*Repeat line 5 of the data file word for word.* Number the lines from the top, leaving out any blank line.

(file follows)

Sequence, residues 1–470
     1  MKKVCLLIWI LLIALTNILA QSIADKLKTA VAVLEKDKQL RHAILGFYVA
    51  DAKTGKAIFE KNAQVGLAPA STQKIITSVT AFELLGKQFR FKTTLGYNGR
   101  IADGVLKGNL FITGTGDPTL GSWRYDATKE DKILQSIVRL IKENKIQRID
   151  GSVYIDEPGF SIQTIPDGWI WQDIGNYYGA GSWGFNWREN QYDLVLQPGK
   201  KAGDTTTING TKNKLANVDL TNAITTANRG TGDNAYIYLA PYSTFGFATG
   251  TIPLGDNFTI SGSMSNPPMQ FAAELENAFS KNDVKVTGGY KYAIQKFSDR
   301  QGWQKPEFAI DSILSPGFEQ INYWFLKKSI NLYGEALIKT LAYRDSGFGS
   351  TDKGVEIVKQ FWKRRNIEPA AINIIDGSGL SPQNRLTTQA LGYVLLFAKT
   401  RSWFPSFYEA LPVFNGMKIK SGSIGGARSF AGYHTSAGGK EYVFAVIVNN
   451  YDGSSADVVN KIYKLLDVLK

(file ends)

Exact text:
   151  GSVYIDEPGF SIQTIPDGWI WQDIGNYYGA GSWGFNWREN QYDLVLQPGK